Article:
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Digestive system (HAP:- 2):- Hand written notes


• Describe the anatomical and functional characteristics of each of the
four layers of the digestive tract wall: mucosa, submucosa, muscu-
laris externa, and serosa
• Distinguish between the two types of gastrointestinal motility: seg-
mentation and peristalsis
• Explain how each of the three types of sensory receptors within the
digestive tract is stimulated: chemoreceptors, osmoreceptors, and
• Explain how the following mechanisms regulate activity of the di-
gestive system: intrinsic nerve plexuses, extrinsic autonomic nerves,
and gastrointestinal hormones
• List the components of saliva and their functions
• Describe how salivary secretion is regulated
• Explain how swallowing takes place
• For the esophagus, stomach, small intestine, and large intestine, de-
• Specialized anatomical modifications
• Type of motility and how it is regulated
• Types of secretions and how they are regulated
• Digestive processes that take place
• Absorptive processes that take place

digested and absorbed by the human gastrointestinal tract. For example,

cellulose, the fibrous form of plant carbohydrates, is indigestible by

humans. Normally, about 95% of ingested food materials are made avail-

able for use by the body. Interestingly, as long as food remains within the

digestive tract, it is technically outside the body. Not until the materials

have crossed the epithelium that lines the tract are they considered to have

“entered” the body.

The digestive system consists of:

• Gastrointestinal tract

• Accessory digestive organs

The gastrointestinal tract is essentially a tube that runs through the center of

the body from the mouth to the anus. This tube consists of the following


• Mouth

• Pharynx

• Esophagus

• Stomach

• Small intestine

• Large intestine

Although these organs are continuous with one another, each has important

anatomical modifications that allow it to carry out its specific functions.

The accessory digestive organs exist outside the gastrointestinal tract; how-

ever, each of these organs empties secretions into the tract that contribute to

the process of digestion. These accessory digestive organs include:

• Salivary glands

• Liver

• Gallbladder

• Pancreas

Digestive tract wall
The digestive tract wall has the same basic structure from the esophagus
through and including the colon. The four major layers within the wall are:
• Mucosa
• Submucosa
• Muscularis externa
• Serosa
Mucosa. The innermost layer of the wall is the mucosa, which consists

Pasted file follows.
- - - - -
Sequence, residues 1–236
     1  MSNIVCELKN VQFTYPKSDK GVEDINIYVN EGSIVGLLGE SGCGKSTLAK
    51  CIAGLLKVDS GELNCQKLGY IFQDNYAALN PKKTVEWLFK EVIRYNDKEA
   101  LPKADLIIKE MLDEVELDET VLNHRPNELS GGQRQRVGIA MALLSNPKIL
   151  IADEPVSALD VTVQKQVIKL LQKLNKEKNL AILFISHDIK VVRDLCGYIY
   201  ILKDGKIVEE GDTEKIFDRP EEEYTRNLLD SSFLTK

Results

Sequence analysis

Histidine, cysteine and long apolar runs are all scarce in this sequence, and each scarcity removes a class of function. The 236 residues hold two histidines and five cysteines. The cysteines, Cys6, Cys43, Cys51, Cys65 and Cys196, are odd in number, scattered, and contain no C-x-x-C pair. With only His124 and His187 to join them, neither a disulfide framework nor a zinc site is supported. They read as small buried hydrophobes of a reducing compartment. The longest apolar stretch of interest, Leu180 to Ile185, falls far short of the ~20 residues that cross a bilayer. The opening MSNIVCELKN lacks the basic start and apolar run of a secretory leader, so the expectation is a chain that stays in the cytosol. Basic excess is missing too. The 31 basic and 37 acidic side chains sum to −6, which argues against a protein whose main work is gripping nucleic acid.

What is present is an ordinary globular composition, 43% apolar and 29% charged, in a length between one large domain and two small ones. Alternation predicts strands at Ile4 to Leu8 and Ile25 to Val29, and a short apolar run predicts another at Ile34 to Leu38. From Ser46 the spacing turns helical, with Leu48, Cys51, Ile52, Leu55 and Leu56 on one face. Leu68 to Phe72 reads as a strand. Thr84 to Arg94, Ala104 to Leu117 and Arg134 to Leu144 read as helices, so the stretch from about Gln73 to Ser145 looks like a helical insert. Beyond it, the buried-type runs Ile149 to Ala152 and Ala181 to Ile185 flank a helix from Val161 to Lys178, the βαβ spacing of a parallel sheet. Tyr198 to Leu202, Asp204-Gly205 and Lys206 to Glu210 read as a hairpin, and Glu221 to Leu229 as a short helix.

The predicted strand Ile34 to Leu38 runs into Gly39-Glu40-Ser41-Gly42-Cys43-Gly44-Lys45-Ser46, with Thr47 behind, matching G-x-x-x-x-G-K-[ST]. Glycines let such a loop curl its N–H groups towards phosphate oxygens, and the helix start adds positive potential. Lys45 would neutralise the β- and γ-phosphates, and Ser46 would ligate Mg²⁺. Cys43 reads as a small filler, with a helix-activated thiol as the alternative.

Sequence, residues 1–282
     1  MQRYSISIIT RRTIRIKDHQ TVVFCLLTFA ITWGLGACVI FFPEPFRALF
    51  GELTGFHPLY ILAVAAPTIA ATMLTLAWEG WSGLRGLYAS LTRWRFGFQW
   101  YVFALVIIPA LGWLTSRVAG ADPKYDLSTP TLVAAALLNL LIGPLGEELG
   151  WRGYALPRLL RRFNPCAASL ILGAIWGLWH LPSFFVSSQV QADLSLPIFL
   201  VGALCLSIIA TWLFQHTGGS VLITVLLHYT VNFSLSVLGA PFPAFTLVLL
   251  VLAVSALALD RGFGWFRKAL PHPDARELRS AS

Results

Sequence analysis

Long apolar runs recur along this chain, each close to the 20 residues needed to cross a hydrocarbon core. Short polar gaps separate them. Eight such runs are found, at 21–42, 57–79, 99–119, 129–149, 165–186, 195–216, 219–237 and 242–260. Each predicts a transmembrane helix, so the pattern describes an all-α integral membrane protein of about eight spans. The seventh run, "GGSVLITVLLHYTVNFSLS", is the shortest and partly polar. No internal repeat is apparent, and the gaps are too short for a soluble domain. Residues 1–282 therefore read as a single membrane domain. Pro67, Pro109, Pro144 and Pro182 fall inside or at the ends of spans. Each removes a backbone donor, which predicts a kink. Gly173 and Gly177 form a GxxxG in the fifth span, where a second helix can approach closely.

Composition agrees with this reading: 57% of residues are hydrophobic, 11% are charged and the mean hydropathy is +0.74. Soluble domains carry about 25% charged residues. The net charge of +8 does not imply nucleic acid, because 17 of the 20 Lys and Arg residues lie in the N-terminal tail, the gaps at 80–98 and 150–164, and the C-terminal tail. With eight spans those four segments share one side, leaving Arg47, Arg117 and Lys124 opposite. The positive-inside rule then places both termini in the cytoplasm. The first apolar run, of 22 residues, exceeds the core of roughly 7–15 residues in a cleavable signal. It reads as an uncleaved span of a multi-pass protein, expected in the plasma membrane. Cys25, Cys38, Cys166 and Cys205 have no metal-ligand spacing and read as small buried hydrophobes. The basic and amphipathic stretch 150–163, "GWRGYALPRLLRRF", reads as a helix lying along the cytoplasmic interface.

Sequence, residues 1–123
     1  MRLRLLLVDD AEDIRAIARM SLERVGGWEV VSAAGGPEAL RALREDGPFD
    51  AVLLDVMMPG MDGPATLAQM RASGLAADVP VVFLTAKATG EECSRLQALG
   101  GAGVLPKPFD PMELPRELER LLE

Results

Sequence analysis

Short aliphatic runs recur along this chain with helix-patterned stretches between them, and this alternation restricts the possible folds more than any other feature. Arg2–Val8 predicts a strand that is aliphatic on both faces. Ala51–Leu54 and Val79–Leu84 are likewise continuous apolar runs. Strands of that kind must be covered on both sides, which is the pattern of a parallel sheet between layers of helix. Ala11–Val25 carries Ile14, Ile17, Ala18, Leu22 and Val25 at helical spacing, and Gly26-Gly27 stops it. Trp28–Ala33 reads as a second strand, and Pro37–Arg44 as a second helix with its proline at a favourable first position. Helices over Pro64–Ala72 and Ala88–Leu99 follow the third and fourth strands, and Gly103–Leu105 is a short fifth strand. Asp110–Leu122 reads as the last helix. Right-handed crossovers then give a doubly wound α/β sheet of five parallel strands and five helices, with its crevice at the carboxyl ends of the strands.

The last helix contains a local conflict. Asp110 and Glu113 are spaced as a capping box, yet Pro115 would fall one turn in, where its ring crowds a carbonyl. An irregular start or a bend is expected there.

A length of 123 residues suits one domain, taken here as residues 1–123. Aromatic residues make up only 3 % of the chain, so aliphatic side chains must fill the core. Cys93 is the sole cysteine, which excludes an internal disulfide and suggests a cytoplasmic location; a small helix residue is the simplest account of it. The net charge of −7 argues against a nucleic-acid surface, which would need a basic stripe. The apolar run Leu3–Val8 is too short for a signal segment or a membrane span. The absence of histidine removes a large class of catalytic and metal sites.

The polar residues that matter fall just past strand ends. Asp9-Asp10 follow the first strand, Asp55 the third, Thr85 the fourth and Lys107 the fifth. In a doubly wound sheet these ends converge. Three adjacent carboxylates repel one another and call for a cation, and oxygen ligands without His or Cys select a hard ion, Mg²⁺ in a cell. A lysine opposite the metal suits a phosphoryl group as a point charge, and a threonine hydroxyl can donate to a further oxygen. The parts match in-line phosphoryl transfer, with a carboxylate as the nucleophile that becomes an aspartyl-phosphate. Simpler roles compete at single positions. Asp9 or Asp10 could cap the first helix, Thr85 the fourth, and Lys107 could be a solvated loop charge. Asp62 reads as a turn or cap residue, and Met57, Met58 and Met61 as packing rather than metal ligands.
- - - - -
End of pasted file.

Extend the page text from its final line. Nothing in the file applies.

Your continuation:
of a mucous membrane, the lamina propria, and the muscularis mucosa. The
mucous membrane provides important protective and absorptive functions for
the digestive tract. The nature of the epithelial cells lining the tract varies
from one region to the next. Rapidly dividing stem cells continually produce
new cells to replace worn out epithelial cells. The average life span of these
epithelial cells is only a few days. The lamina propria is a thin middle layer
of connective tissue. This region contains the capillaries and small lymphatic
vessels that take up the digested nutrient molecules. The muscularis mucosa
is a thin layer of smooth muscle. Contraction of this muscle may alter the
effective surface area for absorption in the lumen.
Submucosa. The submucosa is a thick middle layer of connective tissue.
This tissue provides the digestive tract wall with its distensibility and elas-
ticity as nutrient materials move through the system.
Muscularis externa. The outer layer of the wall is the muscularis externa.
In most regions of the tract, it consists of two layers of muscle: an inner
circular layer and an outer longitudinal layer. Contraction of the circular
layer narrows the lumen of the tube. Contraction of the longitudinal layer
causes the tube to shorten.
The muscle of the digestive tract consists of single-unit smooth muscle.
Within each layer, the muscle cells are connected by gap junctions forming
a syncytium. Action potentials generated at a given site travel along the
muscle layer. Furthermore, this muscle is self-excitable; it undergoes slow
but continuous electrical activity producing rhythmic contractions of the
digestive tract wall. The cycles of depolarization and repolarization in the
smooth muscle are referred to as slow-wave potentials. These potentials do
not reach threshold during each cycle, so contraction does not necessarily
occur with each depolarization. Smooth muscle contraction will take place
only when the slow wave actually depolarizes all the way to threshold. At
this point, voltage-gated Ca++ channels open, Ca++ ions enter the cell and one
or more action potentials are generated. These action potentials result in
phasic contractions. The force and duration of muscle contraction is deter-
mined by the number of action potentials generated. Typically, phasic con-
tractions last only a few seconds.
Muscular activity, or gastrointestinal motility, is enhanced by stretching
the muscle, as occurs with the presence of food materials and distension of

Digestive system
Anatomy of GI Tract with special reference to anatomy and functions of
stomach, ( Acid production in the stomach, regulation of acid production
through parasympathetic nervous system, pepsin role in protein
digestion) small intestine and large intestine, anatomy and functions of
salivary glands, pancreas and liver, movements of GIT, digestion and
absorption of nutrients and disorders of GIT
Formation and role of ATP, Creatinine Phosphate and BMR